After punk went commercial and hip hop lost its focus, this newest mutation took form. It was a trans-Atlantic melting pot of styles, tastes and behavior that grabbed the moniker of “Hipster.”

As with every counter-culture movement, there are uniforms and standards of dress or in this case, undress. Most of the men wore skinny black jeans, black T-shirts, vintage flannel, knit skull caps, black boots or flip-flops, fake eyeglasses and a keffiyeh.

The women were much more interesting. There was no filigree or lace there unless it was meant to titillate and entice.

There was this goddess in a tiny bikini (Band-Aids really) which was covered, euphemistically speaking, by a see-through flowing robe and a smartly tailored jacket. Her blond hair was up in a Heidi-bun. Of course, wedge heels were mandatory.

Another woman wore a long silk duster that covered a dress which started far down her chest and ended up around her naval. She wore a floppy sun bonnet and had hoop earrings which just about rested on her shoulders. Black boots completed her ensemble.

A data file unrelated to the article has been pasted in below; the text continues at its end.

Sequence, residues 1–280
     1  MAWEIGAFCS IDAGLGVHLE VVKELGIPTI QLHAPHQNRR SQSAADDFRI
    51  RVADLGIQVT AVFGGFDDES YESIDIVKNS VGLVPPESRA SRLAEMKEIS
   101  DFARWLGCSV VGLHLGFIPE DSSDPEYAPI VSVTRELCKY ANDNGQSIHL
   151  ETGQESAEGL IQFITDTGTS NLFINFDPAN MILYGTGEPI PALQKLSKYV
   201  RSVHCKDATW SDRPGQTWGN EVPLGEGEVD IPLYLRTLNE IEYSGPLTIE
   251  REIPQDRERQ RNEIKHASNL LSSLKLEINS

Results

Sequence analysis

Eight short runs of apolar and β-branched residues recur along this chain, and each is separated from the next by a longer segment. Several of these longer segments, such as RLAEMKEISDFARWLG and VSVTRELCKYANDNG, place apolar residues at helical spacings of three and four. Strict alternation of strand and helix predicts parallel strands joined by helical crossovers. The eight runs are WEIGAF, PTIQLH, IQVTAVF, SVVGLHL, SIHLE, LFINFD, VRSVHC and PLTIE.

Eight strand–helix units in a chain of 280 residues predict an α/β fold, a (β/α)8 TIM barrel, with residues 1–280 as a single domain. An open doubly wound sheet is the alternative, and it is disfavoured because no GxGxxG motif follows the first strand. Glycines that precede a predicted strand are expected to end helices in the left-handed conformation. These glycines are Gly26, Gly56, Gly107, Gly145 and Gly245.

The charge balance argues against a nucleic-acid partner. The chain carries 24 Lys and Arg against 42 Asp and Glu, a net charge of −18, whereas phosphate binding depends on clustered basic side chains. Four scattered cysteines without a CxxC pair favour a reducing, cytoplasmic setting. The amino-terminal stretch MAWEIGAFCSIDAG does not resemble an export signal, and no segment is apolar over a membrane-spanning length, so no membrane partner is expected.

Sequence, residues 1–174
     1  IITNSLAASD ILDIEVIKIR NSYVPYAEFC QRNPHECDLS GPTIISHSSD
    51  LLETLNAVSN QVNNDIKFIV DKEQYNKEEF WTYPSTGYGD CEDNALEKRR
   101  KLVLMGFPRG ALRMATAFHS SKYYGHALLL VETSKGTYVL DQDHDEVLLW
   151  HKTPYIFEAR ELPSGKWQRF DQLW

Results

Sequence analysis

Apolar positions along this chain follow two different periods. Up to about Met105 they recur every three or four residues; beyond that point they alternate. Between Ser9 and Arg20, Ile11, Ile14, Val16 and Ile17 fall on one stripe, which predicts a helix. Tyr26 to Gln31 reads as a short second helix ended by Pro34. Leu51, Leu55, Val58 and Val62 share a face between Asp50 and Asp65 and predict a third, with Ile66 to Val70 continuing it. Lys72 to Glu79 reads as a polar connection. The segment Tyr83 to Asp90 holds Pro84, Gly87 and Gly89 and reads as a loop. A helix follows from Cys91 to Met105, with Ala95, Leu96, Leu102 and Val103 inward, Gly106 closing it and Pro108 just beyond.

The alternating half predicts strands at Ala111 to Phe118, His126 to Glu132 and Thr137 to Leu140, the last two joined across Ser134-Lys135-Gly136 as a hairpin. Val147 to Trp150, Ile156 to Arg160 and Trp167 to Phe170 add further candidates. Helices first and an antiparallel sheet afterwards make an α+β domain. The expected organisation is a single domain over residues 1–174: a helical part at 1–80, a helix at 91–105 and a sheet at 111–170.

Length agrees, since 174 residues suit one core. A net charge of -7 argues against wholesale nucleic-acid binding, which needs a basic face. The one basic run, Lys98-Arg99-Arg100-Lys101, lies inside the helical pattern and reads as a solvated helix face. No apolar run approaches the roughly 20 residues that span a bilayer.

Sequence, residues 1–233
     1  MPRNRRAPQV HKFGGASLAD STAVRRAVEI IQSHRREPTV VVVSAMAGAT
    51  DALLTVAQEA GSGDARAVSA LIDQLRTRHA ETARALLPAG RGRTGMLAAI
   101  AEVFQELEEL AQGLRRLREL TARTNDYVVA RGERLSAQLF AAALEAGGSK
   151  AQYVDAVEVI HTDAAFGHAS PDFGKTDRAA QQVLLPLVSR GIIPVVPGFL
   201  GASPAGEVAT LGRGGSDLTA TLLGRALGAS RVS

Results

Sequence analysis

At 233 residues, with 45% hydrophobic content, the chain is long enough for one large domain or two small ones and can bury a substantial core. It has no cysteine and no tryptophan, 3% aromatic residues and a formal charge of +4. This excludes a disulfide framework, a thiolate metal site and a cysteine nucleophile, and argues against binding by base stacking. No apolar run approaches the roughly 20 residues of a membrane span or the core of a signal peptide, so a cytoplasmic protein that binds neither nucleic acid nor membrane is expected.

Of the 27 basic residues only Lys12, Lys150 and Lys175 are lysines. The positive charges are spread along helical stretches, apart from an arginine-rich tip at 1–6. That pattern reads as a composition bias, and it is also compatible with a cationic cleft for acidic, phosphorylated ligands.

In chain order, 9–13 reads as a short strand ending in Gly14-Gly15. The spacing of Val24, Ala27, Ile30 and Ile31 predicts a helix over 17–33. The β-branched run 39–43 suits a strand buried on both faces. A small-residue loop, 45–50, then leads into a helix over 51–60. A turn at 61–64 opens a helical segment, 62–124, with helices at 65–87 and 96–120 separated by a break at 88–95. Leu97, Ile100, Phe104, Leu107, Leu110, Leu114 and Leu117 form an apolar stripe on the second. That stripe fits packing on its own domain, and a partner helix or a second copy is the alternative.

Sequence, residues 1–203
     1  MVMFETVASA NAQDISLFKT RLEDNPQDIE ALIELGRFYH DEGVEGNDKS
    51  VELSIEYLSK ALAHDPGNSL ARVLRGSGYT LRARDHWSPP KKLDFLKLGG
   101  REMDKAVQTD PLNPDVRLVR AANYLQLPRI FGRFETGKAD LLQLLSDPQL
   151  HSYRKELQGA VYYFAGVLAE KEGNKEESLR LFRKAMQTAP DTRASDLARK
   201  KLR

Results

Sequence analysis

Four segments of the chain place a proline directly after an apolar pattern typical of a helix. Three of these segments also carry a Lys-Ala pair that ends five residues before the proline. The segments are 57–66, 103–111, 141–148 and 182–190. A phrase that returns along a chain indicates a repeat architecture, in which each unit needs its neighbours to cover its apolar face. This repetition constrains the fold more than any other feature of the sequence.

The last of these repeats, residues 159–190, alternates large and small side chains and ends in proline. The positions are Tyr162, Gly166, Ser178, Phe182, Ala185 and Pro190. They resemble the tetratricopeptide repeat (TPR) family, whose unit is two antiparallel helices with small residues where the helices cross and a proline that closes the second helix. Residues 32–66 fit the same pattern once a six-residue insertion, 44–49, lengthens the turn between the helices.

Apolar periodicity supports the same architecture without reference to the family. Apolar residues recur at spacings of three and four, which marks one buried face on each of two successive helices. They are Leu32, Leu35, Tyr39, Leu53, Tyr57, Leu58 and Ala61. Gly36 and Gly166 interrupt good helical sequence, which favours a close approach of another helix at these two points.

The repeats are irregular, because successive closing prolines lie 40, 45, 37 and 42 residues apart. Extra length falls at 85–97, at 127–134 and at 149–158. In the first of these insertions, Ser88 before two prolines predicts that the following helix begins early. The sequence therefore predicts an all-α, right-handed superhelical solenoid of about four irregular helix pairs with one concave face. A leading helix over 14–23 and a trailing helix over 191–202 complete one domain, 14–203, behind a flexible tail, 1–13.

Another had a long black sleeveless prom dress with a high neckline. Of course, there were no side panels and spillage was only a simple twist or turn away. Where was Chubby Checker when you needed him?

One Mary Travers look-alike wore jean shorts that were cut high above the pockets. The pockets were left intact and hung like holsters on her thighs. It looked like a narrow jean sash across her bottom.

Almost all of the women had legs that wouldn’t quit. Several of the men did too. And almost all of them smoked cigarettes; foreign and domestic. Parliament was the most popular but the Turkish ones smelt the worse.

When I was growing up, only truck drivers and bad-ass Marines had a lot of tattoos. These Hipsters, both men and women, carried more ink than the New York Times. Colorful montages complimented or con-trasted with bleach-blond hair or coal black coffers. Arms, legs, necks were all adorned with flowers, figures, symbols and other designs of the millennials.

I could just imagine the tattoos I couldn’t see?

At one point, Brian and I were comparing notes and observations, all to the consternation of Melanie who couldn’t contain herself and finally had to exclaim. “Oh, my God, you two are just alike!” Somehow she made that sound like a bad thing?

Our deserts most famous resident used to say: “Thanks for the Memories.” I would gladly concur. It’s been one heck of a ride for seventy years. Being with family on my birthday was the icing on the cake.

There’s even talk of Coachella next year.

But don’t tell Mom.